China’s long running affair with the British media has been very mixed, full of stories of grand events and vibrant culture. However, it suffers a very negative perception, and one that is in a way hypocritical.
The reason this perception is so, is that China is just doing what the other super powers (Britain, USA and Russia) have previously done. China is expanding at a huge rate, and its ever-growing economy is leaving Britain and others feeling very intimidated. This constant negativity regarding their growth, consumption and with it, environmental damage is ruining the brand of China. Her rapid development has left politicians and leaders worldwide, very anxious, and when watching news reports on events such as the G20 summits, they hound China into the corner and accuse her of harming the world. We have gone through the same process and this makes it very hypocritical to attempt to hinder China’s progress. The country is on the rise, and it is time the media accepted this.
China’s Human rights record is a monumental issue currently, and the British press are slaughtering China. Although the vast majority outside of China agree, as does our group, that there is much work to be done to solve this issue and truly allow China to progress, stories of British and American troops denying Iraqi and Afghan prisoners their human rights again cry hypocrisy, or as they say, the pot calling the kettle black. China is darkened by its troubles with freedom of speech and rights, but as a developing country, it still has time to correct this, and it should not be used as a standing point to degrade China. Only time will tell if it can correct its wrongs and finally be presented in the media in its cultural glory.
However, the media, especially televised news, can shine light on China, and a stand out example of this is Chinese New Year. The media go into frenzy, showing the festivals in their glory, and highlighting the morals of being with family, and the messages of hope that these New Year celebrations rest on. The cultural in China is vast and vibrant, and is a great tool to emphasise to the world what it can offer. (http://www.guardian.co.uk/world/gallery/2012/jan/22/chinese-new-year-celebrations-pictures#/?picture=384838244&index=9)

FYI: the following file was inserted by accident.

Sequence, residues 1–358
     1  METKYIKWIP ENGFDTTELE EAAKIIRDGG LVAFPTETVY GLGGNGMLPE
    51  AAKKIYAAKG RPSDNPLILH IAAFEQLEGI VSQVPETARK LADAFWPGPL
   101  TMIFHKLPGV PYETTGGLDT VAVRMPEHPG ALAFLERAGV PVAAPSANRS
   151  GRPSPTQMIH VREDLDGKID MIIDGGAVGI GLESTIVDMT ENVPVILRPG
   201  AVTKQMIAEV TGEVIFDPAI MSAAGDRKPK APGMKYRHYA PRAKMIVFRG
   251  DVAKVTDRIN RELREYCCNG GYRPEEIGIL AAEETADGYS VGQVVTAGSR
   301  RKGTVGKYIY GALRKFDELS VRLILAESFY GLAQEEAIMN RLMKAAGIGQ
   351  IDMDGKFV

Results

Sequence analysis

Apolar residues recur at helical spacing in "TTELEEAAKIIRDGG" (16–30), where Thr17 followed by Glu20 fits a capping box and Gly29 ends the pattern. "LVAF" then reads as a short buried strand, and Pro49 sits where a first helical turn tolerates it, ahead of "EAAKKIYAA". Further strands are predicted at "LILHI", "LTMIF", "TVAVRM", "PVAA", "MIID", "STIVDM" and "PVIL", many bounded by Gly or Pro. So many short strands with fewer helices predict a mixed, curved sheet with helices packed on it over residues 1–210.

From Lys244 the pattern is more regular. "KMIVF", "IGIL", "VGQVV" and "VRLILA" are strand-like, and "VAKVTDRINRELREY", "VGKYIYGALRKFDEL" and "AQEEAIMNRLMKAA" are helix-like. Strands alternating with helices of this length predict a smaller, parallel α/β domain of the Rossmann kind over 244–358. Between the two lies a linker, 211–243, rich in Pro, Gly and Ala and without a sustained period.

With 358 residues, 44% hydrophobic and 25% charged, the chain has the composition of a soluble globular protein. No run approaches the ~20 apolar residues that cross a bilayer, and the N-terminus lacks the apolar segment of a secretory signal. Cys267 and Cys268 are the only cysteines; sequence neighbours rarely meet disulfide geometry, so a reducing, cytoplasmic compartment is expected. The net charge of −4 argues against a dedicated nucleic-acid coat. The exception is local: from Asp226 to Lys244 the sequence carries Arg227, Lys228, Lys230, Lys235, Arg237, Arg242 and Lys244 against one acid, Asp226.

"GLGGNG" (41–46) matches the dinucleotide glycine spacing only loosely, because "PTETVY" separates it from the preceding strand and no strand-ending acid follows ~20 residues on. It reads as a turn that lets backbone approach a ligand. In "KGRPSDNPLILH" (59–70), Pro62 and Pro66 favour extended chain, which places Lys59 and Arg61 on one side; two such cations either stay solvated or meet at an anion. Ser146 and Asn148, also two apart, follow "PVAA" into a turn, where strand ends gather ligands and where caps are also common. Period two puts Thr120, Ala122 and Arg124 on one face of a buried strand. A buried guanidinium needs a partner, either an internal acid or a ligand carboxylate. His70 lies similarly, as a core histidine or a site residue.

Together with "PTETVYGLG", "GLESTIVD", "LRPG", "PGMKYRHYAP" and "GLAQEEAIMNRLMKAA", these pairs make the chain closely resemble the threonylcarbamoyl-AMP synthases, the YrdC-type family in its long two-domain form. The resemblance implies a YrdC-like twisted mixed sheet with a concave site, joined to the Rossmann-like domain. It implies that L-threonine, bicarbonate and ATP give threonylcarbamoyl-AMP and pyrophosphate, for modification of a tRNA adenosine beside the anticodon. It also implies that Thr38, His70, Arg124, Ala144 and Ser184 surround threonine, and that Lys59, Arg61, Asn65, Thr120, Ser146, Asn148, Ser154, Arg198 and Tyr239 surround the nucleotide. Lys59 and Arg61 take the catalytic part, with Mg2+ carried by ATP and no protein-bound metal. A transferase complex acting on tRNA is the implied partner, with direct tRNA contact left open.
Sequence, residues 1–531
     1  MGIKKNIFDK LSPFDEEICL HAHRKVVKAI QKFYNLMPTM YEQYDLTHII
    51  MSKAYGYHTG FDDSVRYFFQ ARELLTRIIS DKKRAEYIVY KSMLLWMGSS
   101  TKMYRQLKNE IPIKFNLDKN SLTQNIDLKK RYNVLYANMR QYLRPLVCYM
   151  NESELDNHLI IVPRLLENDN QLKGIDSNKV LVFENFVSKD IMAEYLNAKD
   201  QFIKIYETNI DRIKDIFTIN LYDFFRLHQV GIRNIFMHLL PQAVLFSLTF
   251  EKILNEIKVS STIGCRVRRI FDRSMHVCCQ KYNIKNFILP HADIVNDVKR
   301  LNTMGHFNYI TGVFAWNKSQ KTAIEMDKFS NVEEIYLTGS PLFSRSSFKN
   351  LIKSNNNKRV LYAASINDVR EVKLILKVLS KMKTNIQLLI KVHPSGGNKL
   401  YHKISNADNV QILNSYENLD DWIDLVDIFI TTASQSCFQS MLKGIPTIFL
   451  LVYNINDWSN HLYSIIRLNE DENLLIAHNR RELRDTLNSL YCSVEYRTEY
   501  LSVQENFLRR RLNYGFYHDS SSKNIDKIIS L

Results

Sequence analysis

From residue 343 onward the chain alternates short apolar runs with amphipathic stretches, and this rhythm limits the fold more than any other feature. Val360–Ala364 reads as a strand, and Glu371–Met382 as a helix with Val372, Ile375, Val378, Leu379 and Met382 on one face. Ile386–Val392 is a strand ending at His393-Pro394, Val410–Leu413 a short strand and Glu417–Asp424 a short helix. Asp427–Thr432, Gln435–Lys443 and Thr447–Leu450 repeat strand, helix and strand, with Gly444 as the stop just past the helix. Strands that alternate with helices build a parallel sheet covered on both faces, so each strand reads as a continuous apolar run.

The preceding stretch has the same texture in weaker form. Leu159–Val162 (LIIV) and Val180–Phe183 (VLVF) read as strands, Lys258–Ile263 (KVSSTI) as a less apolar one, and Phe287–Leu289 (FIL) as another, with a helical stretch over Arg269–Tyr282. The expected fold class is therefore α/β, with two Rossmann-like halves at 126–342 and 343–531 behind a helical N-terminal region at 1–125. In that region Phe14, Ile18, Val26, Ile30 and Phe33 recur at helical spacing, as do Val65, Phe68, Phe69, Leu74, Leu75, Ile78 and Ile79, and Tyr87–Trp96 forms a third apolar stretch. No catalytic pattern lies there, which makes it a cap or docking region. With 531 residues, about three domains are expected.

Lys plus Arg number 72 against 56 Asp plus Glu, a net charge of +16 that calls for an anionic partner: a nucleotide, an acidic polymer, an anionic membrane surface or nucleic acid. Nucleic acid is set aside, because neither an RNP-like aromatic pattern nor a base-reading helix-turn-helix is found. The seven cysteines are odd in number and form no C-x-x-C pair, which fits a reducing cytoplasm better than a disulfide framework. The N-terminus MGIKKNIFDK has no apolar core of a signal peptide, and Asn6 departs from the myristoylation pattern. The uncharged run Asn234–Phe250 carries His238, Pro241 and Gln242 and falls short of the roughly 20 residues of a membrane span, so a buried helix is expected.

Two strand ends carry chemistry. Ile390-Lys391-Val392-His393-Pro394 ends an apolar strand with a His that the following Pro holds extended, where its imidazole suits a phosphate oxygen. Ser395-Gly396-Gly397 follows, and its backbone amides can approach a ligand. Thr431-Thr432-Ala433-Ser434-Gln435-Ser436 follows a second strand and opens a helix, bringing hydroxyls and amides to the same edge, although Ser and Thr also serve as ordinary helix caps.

The Beijing Olympic Games of 2008, although surrounded in criticism regarding their human rights issues, and its pressing environmental issues, allowed China to sell itself to the whole world – and it succeeded. An opening ceremony, which broadcast too over 5.5 million UK viewers, showed the colours, and dances and music, tradition and culture that it lived and breathed in. Costing £3000 a second, China made a huge statement to world, and the media’s endless coverage still has a lasting impact on the selling of China.
The recent appearance of two Pandas, Tian Tian and Ying Guang, at Edinburgh zoo has also created mass media attention. This has also created a huge tourist boost, and can only do well in China’s attempts to sell itself to the world. Is has also improved the relations between Britain and China, and has been taken favourably by the majority of the media, with the story making front page of newspapers for a considerable period.
Mr Liu Xiaoming, ambassador of China to the UK, said: “This historical agreement is a gift to the people of the UK from China. It will represent an important symbol of our friendship and will bring our two people closer together”
On the other hand, many have unfairly criticised this as a move to turn attention away from China’s human rights record.
In summary, China is a country that does have its problems, and these are frequently depicted to the British public by the media. However, although they must be considered we all must bear in mind that China is still and up and coming super power, and still has time to develop and correct its issues. The media has the power to sell China to us, and when it broadcasts huge events like the Olympic games, or the arrival of the pandas, it allows us to see the good side of China, one full of culture and tradition beyond imagination. China is already changing its ways, and, as long as it continues, it will continue to sell itself to the world.